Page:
Does what we do actually matter?
We’ve all been wondering this during lockdown, right? But, before I get too philosophical about things, let’s start with a tweet.
This week’s topic is inspired by this (in my opinion) bizarre take on a fam trip. The tweeter, a business travel agent, was angry that it was just journalists who got to go on TUI’s first fam trip since the beginning of lockdown.
It got me thinking: are we really just parasites as he describes? Does what we write even make a difference – to the readers and to the companies that sponsor these press trips?
As a freelancer, I rarely see feedback from readers (I never read the comments), and I don’t often learn how much interest in a place or experience my published articles really generate. Not knowing the impact my writing has means I probably undersell myself and our role as journalists in the media landscape a little bit.
So I thought it would be pertinent to find out just what happens after we’ve been on press trips, like TUI’s post-lockdown fam, and see whether we actually make any difference at all to the organisations that invest in us.
So, what’s the return on investment for a press trip?
As it turns out, it can be quite a lot for some. “We hosted a group press trip to Uzbekistan,” says Sophie Ibbotson of Maximum Exposure. “The same article was published in the Financial Times and The Week, and the fact box detailed a unique product, priced specifically for this coverage. The tour operator received more than a hundred enquiries directly from the coverage.”
Freelance travel writer, James Stewart, also shared his successes with us: “This piece I wrote for The Telegraph on Svalbard generated 10 bookings after it ran, then another four once it was syndicated in Australia.” Assuming that was 14 bookings by 14 couples, based on the price of the three-day cruise, that’s a return of around £28,000 in revenue for the operator.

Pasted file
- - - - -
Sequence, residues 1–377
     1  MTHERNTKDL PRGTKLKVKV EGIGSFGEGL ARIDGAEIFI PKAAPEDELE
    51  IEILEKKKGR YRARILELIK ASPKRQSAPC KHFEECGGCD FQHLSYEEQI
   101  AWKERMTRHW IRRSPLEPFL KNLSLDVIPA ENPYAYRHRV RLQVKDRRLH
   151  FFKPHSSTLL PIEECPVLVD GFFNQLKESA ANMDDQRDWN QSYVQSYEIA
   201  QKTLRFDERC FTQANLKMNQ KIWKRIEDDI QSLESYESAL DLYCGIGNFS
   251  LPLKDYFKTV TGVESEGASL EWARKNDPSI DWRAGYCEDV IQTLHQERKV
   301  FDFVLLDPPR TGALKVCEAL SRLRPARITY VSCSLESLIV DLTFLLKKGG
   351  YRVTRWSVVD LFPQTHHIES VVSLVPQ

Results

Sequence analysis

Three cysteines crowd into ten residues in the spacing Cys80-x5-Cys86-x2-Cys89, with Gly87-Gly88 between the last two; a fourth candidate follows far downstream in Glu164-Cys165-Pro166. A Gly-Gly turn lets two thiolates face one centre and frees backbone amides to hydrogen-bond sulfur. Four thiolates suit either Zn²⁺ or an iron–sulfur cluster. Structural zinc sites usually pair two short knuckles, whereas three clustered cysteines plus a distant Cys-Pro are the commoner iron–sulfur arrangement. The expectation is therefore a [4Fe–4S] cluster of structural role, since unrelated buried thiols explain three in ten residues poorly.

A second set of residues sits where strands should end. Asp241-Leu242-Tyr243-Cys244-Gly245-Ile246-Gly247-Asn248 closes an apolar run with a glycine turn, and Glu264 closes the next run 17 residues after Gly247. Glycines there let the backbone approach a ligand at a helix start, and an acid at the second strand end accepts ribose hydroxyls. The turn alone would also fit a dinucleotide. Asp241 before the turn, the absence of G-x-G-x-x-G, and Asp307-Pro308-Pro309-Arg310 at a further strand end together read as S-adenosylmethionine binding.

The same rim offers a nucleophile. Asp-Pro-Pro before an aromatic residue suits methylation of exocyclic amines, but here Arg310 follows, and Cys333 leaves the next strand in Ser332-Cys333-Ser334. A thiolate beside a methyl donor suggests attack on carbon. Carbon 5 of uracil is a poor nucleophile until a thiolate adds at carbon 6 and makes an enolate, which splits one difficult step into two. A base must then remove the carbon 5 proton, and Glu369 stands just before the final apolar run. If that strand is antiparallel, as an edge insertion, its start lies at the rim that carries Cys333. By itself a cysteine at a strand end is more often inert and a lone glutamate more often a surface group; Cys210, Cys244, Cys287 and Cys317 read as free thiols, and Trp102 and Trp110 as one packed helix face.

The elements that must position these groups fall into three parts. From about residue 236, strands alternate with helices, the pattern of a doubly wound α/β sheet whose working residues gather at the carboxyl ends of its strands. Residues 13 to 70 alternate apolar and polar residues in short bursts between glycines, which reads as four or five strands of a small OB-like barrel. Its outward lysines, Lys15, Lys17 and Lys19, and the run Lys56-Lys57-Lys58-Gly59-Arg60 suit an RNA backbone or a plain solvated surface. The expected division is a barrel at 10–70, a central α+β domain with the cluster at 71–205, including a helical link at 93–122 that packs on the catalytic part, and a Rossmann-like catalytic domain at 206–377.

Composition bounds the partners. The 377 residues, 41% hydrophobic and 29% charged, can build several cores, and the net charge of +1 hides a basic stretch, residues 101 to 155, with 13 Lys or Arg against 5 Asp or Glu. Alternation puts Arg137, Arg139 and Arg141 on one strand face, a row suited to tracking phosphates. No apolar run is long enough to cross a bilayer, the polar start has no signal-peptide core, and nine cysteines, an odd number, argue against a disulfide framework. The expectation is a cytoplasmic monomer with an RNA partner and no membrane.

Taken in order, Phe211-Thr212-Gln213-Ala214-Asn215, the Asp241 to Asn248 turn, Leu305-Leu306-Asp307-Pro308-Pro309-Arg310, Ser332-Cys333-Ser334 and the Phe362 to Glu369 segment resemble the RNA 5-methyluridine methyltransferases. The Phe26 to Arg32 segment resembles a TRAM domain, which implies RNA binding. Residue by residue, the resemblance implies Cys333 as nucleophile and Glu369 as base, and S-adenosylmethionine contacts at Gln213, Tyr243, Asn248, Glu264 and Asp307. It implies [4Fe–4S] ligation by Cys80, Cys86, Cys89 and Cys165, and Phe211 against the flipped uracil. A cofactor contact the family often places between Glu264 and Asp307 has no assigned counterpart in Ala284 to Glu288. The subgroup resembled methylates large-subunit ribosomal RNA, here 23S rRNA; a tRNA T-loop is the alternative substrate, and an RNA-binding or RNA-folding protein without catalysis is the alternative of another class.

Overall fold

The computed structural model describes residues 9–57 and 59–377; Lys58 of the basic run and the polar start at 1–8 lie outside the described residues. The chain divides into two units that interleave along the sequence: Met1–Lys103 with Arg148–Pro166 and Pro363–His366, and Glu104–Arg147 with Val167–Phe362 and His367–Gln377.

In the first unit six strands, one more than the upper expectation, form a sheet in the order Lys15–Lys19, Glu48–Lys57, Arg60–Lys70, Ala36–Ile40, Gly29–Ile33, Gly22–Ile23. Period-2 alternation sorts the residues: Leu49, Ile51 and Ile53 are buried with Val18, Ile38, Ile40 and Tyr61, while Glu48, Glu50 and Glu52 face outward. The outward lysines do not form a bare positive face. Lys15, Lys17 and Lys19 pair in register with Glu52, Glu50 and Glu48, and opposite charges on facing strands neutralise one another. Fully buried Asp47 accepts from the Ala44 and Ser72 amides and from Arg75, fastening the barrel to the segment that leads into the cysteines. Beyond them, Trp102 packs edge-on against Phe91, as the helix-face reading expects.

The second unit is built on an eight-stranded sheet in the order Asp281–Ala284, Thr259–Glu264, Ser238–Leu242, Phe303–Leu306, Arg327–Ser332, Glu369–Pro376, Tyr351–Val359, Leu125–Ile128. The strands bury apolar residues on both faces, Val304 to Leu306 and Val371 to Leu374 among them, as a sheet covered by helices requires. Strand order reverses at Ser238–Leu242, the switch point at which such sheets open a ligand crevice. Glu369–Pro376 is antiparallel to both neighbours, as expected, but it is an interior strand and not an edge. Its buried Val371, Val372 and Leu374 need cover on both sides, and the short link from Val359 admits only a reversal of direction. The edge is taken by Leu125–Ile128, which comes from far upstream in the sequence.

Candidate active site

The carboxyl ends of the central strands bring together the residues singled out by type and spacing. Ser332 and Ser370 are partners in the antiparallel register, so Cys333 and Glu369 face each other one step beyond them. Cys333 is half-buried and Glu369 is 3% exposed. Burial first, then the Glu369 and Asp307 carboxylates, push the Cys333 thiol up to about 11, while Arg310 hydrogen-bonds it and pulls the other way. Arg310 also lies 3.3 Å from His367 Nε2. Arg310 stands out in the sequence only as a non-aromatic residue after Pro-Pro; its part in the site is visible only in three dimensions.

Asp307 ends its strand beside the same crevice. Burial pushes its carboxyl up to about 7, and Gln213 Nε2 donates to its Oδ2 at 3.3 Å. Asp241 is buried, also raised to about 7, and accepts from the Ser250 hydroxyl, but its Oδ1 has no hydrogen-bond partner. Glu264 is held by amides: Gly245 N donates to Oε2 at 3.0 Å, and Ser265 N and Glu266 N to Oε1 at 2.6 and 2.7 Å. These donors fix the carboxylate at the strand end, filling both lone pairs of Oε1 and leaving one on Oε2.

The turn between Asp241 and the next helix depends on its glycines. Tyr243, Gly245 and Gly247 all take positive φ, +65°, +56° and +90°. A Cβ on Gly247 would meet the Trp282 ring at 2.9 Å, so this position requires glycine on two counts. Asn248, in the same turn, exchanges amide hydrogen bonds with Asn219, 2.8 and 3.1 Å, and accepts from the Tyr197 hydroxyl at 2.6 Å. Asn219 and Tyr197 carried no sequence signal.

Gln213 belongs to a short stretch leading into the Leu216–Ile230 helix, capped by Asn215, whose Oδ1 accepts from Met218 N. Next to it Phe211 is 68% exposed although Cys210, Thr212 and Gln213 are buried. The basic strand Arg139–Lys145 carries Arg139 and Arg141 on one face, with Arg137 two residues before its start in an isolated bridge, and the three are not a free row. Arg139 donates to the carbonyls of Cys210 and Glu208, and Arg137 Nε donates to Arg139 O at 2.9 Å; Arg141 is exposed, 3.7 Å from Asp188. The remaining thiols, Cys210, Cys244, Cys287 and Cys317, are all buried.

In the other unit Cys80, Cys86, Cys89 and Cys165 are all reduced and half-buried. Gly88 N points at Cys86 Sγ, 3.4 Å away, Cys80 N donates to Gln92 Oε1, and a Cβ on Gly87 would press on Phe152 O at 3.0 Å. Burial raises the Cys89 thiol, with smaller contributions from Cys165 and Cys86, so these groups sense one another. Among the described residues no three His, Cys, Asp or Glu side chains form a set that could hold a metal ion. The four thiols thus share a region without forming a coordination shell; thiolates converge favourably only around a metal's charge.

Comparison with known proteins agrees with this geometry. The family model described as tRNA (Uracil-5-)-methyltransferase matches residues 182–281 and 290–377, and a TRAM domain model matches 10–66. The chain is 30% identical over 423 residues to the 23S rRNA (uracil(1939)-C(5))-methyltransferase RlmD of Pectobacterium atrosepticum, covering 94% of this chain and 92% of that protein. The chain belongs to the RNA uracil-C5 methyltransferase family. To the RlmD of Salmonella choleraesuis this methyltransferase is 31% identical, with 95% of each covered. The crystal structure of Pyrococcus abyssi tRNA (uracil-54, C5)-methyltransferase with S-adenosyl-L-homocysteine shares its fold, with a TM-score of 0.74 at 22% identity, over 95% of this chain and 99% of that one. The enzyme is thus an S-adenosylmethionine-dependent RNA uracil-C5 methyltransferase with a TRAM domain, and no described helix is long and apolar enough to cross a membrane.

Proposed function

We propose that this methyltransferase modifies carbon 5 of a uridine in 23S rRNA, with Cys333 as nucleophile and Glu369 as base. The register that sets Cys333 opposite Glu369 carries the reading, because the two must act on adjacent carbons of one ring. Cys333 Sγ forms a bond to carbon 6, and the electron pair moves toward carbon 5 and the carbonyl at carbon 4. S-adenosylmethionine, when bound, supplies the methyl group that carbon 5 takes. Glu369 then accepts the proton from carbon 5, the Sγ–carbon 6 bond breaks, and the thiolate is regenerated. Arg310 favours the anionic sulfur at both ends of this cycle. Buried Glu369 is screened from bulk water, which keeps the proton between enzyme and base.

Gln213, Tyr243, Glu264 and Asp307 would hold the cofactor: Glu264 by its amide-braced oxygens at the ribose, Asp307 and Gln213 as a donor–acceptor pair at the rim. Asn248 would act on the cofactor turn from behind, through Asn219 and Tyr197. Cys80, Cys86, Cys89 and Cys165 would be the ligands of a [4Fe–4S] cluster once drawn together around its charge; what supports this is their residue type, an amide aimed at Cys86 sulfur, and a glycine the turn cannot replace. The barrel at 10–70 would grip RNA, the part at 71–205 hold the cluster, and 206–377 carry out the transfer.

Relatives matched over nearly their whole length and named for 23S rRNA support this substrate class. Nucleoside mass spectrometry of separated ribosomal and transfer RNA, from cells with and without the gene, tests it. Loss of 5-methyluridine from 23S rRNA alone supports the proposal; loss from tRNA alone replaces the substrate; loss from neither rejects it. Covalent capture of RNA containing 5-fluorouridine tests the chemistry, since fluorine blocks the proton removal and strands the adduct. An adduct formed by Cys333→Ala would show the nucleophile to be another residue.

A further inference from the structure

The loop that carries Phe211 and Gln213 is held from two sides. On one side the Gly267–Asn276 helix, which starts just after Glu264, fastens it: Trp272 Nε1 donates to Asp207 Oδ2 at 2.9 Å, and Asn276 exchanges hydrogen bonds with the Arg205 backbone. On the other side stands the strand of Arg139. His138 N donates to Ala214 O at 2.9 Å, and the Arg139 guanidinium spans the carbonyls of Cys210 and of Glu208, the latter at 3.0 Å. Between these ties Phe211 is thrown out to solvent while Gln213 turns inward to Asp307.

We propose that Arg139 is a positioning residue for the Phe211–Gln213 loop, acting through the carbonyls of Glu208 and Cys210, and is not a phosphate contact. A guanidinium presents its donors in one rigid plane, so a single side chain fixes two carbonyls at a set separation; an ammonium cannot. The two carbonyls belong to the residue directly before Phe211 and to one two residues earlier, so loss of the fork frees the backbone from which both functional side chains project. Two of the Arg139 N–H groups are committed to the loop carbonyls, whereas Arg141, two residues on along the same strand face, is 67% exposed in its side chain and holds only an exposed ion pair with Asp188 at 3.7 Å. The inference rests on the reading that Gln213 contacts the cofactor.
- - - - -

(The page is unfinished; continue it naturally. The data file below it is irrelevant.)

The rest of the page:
Not everyone is so focused on cold hard cash, though. Debbie Walker at Drifters Waterway Holidays said they tend to just look at the quality of reporting and imagery used. And at Visit Windsor, it’s all about getting the word out: “It’s about raising awareness that this is a great overnight visit location. The staying is important and press visits help us counter perception that this is a half day or ‘one-trick pony’ destination.”
My guess is that’s what TUI was going for – an attempt to tell the world through the media that travel was back on. But who knows, they might’ve got some bookings off the back of it too.
So, to our disgruntled tweeter above, I say this: we might not actually sell the holidays ourselves, but our words and pictures can inspire people to invest thousands in their next trip.
And, in our current climate, there’s no doubt that the articles published after that TUI press trip will have bolstered consumer confidence – which is a good thing for the entire industry. Now it's just a shame the FCO and DfT can't get their sh*t together...